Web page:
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Taking notes and optimally “taking notes” – methods and techniques

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Taking notes and optimally “taking notes” – methods and techniques

It is probably clear to everyone that we learn in life, but often someone does not teach you how to learn and, for example, document knowledge from a textbook in your own words or write a seminar protocol.

Clever and effective note-taking techniques will help you save what you’ve just learned, get tasks and work done quickly, and leave enough free time for a balanced life. So, in this article, we are going to discuss how to take smart notes at work and study to save time and get the best results. We will also discuss whether you should take notes on a notebook or in a paper notepad, and how to take the best notes in both practical and theoretical settings, as well as in number-based subjects such as studying at home, in seminars, courses and meetings.

How do you take notes from textbooks?

A few basic, time-saving tips in advance

First and foremost, you should dispel a common myth: you don’t need to make your notes pretty. You just have to organize them to benefit afterwards.

Most importantly , attend all learning events, meetings, etc.! It takes you twice as long to study to catch up if you don’t. Visiting is the biggest time saver there is. But it is not enough to attend the event, you must also write down its content, key concepts and main points.

Taking notes is an art form. And the following are some proven techniques.

First, let’s talk about an important question:

Paper notes or notebook?

Ask yourself. Do you prefer to take notes directly on your notebook or in a paper notebook? Here we will discuss the pros and cons of both.

advantages

Notebook use is becoming more common, and most people can now type faster than they can write (many have even “forgotten” how to write on paper.

The most important advantage is that you can store all information in one place and make it searchable and findable.

disadvantage

Notebooks have their own challenges in math, science, business, or more closely related subjects. There are many numbers and equations that are challenging to jot down on a notebook.

Overall, the challenge of using notebooks is that when you’re taking notes and taking notes, you end up just writing down everything the teacher says verbatim. There is always a temptation to get distracted.

In addition, formatting is usually time-consuming.

You can use a small notebook, but also larger notebooks, so that you can take notes conveniently. Use different pen colors, it makes your notes attractive and easy to read .

If you want to keep your notes for a long time, you should type summaries of your handwritten notes at the end of each week. When researching a topic, first read it online and then get the picture in your head. Then you write in the notebook and later transfer it to a laptop. In this way, ideas are finely distilled and clear.

The outline method

The outline method is great for learners who prefer structure and simplicity, and prefer to divide information into sections. Some advantages are:

  • The concepts are clearly structured. There is a clear prioritization in a learning event.
  • You can see the relationships between the topics and subtopics.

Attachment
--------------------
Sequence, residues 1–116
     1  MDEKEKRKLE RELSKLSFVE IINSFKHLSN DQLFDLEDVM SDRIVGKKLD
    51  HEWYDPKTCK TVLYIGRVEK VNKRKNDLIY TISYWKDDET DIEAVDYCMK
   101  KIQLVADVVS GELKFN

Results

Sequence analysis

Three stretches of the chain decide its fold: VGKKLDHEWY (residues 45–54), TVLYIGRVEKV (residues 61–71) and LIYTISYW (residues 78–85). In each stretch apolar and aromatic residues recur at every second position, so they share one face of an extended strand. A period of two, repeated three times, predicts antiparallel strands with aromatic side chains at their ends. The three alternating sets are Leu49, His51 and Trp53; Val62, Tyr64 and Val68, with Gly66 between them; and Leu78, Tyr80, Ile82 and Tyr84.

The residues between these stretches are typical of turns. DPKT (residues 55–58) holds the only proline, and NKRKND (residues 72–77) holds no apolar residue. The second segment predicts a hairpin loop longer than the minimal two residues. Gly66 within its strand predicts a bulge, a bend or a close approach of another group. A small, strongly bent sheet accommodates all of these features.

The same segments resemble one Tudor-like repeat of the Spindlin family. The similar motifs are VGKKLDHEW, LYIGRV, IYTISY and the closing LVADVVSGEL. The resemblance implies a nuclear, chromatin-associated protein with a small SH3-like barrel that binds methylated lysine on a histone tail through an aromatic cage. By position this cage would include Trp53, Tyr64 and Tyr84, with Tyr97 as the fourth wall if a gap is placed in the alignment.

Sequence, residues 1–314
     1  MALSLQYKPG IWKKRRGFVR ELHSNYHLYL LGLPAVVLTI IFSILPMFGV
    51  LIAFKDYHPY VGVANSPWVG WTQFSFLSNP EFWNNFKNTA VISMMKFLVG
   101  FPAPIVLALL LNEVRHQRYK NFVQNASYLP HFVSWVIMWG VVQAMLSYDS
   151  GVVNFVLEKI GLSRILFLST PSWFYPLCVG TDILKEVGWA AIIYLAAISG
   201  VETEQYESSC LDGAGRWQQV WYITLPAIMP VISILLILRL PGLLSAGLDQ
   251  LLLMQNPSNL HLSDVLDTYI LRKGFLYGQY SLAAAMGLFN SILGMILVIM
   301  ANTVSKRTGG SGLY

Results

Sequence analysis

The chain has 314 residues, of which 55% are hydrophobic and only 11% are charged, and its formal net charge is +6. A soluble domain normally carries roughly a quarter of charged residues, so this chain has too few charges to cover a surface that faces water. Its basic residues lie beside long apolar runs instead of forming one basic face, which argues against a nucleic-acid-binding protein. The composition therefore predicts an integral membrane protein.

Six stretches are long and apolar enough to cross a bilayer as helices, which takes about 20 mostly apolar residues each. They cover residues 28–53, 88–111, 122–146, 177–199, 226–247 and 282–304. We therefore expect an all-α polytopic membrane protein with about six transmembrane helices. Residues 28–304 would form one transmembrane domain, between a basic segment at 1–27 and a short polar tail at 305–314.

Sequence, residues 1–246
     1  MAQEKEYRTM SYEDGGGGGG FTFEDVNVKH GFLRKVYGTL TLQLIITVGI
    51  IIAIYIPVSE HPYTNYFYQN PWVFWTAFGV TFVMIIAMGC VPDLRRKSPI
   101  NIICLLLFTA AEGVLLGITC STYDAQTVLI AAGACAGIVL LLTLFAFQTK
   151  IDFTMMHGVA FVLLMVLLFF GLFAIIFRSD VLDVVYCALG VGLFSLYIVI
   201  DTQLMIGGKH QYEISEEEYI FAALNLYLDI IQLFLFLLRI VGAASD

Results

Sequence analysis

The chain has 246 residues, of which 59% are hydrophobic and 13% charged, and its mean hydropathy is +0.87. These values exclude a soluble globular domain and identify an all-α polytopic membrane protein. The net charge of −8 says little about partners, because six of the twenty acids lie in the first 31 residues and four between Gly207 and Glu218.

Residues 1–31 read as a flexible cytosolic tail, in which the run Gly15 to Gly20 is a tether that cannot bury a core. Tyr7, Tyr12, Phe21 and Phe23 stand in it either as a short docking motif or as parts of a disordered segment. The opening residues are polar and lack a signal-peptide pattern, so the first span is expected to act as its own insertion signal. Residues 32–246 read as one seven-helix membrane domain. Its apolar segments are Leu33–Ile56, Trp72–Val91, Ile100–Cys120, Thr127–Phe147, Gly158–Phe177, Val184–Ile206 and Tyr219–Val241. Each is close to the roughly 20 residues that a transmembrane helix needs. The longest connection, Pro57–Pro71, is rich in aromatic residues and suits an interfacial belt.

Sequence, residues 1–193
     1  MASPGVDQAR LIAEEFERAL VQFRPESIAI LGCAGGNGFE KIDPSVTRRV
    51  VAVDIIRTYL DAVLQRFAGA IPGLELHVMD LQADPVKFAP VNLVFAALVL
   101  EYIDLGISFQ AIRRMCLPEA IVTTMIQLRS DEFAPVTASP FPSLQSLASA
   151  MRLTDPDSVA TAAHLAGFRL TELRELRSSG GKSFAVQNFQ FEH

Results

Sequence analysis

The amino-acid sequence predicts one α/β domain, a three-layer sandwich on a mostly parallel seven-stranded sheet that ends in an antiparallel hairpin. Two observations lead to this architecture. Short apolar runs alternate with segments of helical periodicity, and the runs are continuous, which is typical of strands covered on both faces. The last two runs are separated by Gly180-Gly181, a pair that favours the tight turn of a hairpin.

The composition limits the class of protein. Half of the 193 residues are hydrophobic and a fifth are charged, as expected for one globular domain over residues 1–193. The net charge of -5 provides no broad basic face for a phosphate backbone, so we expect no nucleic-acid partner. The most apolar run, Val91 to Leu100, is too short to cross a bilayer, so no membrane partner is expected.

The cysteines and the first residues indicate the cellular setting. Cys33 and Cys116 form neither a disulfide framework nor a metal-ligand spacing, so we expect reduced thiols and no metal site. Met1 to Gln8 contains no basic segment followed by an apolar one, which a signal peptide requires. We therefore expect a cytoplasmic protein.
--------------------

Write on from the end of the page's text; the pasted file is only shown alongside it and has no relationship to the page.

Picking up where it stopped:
• And you can easily use the content to create study questions before exams.

The outlining method is based on a hierarchy and uses headings and bullet points to organize content. It is particularly useful when the lecture is accompanied by visual aids such as PowerPoint, where the material is presented on slides.

This gives you the opportunity to structure overarching questions and use sections in your notes. It also works well when the content has a clear and predictable structure, like that in the textbook.

When using the outline method, start with parent headings for each of the lecture’s main points and subtopics and underlying factors.

The Cornell Method

The Cornell Method was developed by Professor Walter Paw of Cornell University in the 1950s and is based on scientific theories of education. It is suitable for most types of lectures, classes and events and requires minimal page preparation.

Taking Notes Using This Method: First, divide the page into three sections: Keywords, Notes, and Summary. The left column is for any words, prompts, comments, questions, or hints that can be used to summarize the notes in bullet points or keywords.

You can do the bullet points either during class or right after reviewing your notes.

Write a brief summary at the bottom of each page to capture the main points of your notes. Summarizing information helps you digest and retain what you learn.

mind mapping method

If you’re a visual learner and the thought of taking notes gives you a headache, then perhaps mind mapping is your best bet: it helps you see the relationships and connections between topics.

The radial design makes it better and easier to find important information. And if you end up with a series of notes, that can be more visually stimulating than the usual lines.

The theory behind a mind map is that it is similar to how the brain works, ie not always linear. Instead of starting at the top of the page, a mind map starts in the middle with the main theme or concert. And the ideas branch out from there.

Let’s assume you are studying the methods of note-taking. The central balloon might say “Methods of Noting” and from there you can branch to any that are presented to you. When the lesson is over, you can add more details about each branch.

Mind maps are great for a class or group discussion, which is often a tortuous and unpredictable path in which questions and tasks are posted and revisited at regular intervals.